What’s common between Tim Cook, CEO of Apple; Neil Patrick Harris of How I Met Your Mother fame; Sia Furler, who recorded the feet-tapping crowd-favourite Cheap Thrills; and Peter Thiel, entrepreneur, and investor par excellence? Apart from the fact that many of them might qualify to be superstars of cases we read at B-school?! Well, they are people who had the supportive environment to come out and live life to their full potential- without inhibitions. It’s no surprise that they also have had immense influence in enacting positive change in the U.S. and beyond.
We’re sure you fondly remember that childhood crush in school, with whom you always got extra sandwiches or for whom you made a special birthday card. But what if all of society told you that your love was wrong?
Or imagine the plight of a hijra (a eunuch), who must wake up every morning, not in the warm embrace of her family, but in the harsh reality of having to beg and be shunned. Devdutt Pattanaik encapsulates this behaviour as us being a “shame-based society rather than a guilt-based one”, where, “we are more comfortable turning away from what disconcerts us.”
Even though diversity is a prized asset at an MBA institute, the CAT process has just recently been significantly modified to be more inclusive of people from diverse academic backgrounds and of minorities in terms of sex and physical ability. While some of the leading IIM’s have performed well in terms of bringing in gender diversity in 2016 (28% women in the 2-year PGP), issues of diversity and inclusion of sexual minorities is missing.
Just as research into the need for inclusion of gender minorities has shifted the focus of corporate India towards including more women in their workforce, a similar movement for members of the sexual minority needs to be spearheaded by academic institutions of repute. Only 2% of leading recruiters such as Google, Microsoft, McKinsey & Co., Infosys, Tata Sons, the Godrej Group and others currently have LGBTQ-friendly policies. For instance, some of these policies are extending benefits for a same-sex partner that are at par with those of a conventionally married couple.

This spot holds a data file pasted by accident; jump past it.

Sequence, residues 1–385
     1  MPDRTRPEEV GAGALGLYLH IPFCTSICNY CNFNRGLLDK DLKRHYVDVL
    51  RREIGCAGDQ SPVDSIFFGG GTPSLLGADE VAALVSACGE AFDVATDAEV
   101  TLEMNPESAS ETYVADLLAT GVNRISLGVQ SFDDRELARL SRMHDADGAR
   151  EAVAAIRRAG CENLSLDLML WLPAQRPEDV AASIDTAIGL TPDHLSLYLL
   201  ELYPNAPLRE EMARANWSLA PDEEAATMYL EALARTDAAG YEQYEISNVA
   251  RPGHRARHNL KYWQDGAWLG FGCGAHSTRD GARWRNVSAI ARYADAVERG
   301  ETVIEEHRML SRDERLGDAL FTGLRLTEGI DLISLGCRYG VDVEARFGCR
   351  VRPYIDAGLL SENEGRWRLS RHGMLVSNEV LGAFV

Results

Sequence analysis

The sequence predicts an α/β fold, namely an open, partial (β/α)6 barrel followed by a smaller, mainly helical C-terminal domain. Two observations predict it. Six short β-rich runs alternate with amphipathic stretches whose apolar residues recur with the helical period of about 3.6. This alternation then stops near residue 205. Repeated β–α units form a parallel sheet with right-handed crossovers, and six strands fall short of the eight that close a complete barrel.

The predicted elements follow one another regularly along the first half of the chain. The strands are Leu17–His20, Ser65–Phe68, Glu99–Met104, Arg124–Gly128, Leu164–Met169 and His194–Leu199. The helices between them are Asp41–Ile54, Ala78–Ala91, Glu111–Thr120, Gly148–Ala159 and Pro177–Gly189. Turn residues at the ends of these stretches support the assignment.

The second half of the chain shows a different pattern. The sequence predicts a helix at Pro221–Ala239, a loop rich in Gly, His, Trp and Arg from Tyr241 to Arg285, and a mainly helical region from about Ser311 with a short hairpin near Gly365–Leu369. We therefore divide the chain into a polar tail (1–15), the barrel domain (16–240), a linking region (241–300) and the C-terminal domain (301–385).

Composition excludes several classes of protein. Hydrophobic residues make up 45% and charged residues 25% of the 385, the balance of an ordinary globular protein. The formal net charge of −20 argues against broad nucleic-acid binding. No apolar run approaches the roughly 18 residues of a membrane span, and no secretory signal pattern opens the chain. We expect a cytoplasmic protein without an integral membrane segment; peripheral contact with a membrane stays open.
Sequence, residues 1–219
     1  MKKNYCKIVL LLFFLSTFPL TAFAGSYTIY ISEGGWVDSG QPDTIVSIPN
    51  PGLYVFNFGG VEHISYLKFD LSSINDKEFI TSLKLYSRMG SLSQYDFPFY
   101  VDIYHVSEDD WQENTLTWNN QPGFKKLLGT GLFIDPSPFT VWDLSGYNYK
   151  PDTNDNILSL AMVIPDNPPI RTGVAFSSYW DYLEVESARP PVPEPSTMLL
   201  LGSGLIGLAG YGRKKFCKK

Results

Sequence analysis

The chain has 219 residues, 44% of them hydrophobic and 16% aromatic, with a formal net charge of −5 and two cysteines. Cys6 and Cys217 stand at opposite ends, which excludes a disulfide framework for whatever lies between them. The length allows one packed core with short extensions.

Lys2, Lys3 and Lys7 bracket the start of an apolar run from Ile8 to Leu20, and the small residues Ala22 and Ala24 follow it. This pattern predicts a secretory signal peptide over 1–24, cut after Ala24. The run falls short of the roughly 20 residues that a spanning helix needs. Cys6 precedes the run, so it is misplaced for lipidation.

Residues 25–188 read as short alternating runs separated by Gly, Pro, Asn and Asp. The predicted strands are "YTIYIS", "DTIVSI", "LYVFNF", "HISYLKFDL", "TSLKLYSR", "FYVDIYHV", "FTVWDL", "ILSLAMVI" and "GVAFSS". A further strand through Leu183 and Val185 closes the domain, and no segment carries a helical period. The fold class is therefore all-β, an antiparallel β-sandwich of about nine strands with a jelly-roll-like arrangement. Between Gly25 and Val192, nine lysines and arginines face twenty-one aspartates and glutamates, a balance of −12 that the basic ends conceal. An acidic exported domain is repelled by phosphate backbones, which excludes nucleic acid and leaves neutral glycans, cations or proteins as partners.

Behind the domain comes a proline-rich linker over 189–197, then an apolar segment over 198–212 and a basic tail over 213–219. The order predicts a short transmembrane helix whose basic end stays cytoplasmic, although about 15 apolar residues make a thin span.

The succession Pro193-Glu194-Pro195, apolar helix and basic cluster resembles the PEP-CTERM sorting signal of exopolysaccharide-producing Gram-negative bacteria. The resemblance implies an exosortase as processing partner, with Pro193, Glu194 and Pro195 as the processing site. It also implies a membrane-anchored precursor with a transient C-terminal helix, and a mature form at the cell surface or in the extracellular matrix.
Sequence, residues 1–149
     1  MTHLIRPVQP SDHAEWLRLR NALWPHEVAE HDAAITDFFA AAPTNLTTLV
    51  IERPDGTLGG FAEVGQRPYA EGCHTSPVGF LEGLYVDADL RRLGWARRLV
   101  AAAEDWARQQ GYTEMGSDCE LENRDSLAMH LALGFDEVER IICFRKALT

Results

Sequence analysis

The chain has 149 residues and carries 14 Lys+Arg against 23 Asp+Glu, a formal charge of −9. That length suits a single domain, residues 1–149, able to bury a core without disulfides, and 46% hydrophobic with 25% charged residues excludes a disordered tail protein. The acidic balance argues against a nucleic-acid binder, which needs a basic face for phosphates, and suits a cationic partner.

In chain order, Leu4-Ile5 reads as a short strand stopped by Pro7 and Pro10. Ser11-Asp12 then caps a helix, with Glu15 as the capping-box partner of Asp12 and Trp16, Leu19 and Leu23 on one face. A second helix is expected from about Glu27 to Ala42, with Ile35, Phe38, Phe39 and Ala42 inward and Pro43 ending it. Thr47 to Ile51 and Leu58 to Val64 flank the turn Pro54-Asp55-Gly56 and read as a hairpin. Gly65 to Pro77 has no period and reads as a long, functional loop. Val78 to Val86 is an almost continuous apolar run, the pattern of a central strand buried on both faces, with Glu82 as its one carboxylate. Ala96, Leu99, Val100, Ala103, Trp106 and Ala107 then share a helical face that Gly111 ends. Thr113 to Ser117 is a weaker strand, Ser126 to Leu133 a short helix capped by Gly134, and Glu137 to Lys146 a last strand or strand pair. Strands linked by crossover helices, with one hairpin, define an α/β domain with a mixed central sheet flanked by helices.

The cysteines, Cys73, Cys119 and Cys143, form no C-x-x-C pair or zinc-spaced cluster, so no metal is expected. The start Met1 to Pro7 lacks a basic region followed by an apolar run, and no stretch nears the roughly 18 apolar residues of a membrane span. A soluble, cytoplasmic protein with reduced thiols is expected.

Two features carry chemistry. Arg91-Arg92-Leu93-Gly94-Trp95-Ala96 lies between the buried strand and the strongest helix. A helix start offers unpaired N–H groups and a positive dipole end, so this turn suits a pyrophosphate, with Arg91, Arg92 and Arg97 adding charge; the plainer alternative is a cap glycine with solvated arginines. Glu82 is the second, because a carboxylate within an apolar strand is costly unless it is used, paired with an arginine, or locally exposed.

Radhika Piramal, MD of VIP Industries and HBS alum, talked freely about everything from being a lesbian (and a woman, to top that) in corporate India, to meeting the love of her life at Bain & Co. in New York and how it felt to finally get married! Interestingly, she delivered this address at a keynote address titled ‘authenticity to winning in the marketplace and in life’. She moved back to India with hope but is “going through a particularly difficult time now.” But she is still hopeful that as “in the West, the laws changed after public opinion changed.” A 75-year-old Grant and Glueck study at Harvard concluded that “good relationships keep us happier and healthier.” Maybe, it is time to open the conversation so that, as allies of the LGBTQ community, we all can work towards giving the right to a healthy relationship to everyone.
As one of the leading educational institutes in the country, can we have a forum on campus to promote a deeper understanding of gender and sexuality issues by fostering a safer environment in class to communicate thoughts on any cultural or policy barriers? Let us know if you would like to be an ally of the community in the comments below. Ideas on how we can sensitive ourselves to be the supporting friends, family, brothers and sisters to people in the minority community who need it most are also welcome!